GSO proposes resolution to make SU a sanctuary campus

Syracuse University is joining the national conversation about protecting DACA students.

After working with English Second Language (ESL) community members in San Francisco, immigration has been on Walter Donner’s mind. Following President-elect Donald Trump's win and his comments about deporting millions of immigrants who are in the country illegally, Donner knew he had to take action.

Donner, a graduate student in the Maxwell School of Citizenship and Public Affairs, is a Graduate Student Organization (GSO) senator who proposed a resolution for Syracuse University’s administration to protect SU students who are in the country illegally. His goal is for SU to join universities across the country who have vowed to protect students under the Deferred Action for Childhood Arrivals policy (DACA) by becoming "sanctuary campuses."

“Protect DACA students that are part of our community. Give them the means to continue their education,"
- Walter Donner, GSO Senator

“Protect DACA students that are part of our community,” Donner said. “Give them the means to continue their education should they be deported.”

Sanctuary campus is a broad term. There are different options a university could take to be considered a sanctuary campus, from refusing immigration officers to enter campus without a warrant to providing deported students an opportunity to complete their degrees online.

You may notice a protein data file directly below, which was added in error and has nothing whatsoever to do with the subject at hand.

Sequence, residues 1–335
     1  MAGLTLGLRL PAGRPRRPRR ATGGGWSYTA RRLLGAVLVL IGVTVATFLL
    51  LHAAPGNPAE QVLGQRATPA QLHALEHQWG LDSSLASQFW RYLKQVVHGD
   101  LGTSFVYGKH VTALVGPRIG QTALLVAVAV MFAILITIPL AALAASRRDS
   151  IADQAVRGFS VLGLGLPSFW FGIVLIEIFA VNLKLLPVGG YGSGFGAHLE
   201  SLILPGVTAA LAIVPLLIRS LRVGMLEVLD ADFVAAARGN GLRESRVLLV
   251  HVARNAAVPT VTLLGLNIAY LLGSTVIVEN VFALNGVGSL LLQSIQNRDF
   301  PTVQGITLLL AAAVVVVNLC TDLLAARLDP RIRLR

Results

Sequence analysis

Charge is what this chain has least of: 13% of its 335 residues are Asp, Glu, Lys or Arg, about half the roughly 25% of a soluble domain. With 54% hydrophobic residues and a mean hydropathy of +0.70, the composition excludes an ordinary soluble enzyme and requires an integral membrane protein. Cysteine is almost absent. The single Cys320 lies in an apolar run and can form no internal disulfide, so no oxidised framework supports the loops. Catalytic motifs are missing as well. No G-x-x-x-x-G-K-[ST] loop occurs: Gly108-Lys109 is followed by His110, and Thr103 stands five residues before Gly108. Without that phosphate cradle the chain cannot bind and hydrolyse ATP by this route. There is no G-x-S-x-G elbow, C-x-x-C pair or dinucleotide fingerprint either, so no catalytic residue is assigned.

Donner said he is in favor of the university's administration refusing to help immigration services.

“What we don’t want to see is an immigration service going to DPS and saying, ‘Find these students,’” Donner said. “We think that DPS should focus its effort on security of students, not deportation of students.”

Not all students agree with Donner. Tyler Rossi, a junior in the Martin J. Whitman School of Management, said you have to look at the whole picture.

“You have to take into account what [the government] could do for funding, reputation,” Rossi said. “If the campus is violating federal law, you have to be careful of how you have a relationship with the authorities.”

Rossi’s main objection to sanctuary campuses is that federal laws should be followed. In his eyes, the federal government has a right to know who is in the country legally or illegally.

“This isn’t to be bigoted or xenophobic. I care about everyone that goes here,” Rossi said. “Hopefully deportation isn’t the answer for students, but ultimately, it’s a violation of the law.”

Rossi said he would consider running for a position in the GSO in order to have his voice heard in opposition of SU becoming a sanctuary campus.

In an email to students last week, Chancellor Kent Syverud expressed a continued support for DACA students.

“We are sending a clear message that the student experience here at Syracuse University is, and will continue to be, shared broadly and equally,” Syverud said. “I feel strongly that all students must feel welcome, safe and supported.”

Despite the controversy, Donner will continue to push for dialogue about sanctuary campuses at SU.

“We want to have this conversation because there is a lot of knee-jerk reaction as to what sanctuary campus means,” Donner said. “It’s necessary to have a conversation instead of knee jerk reactions to the name sanctuary campus.”

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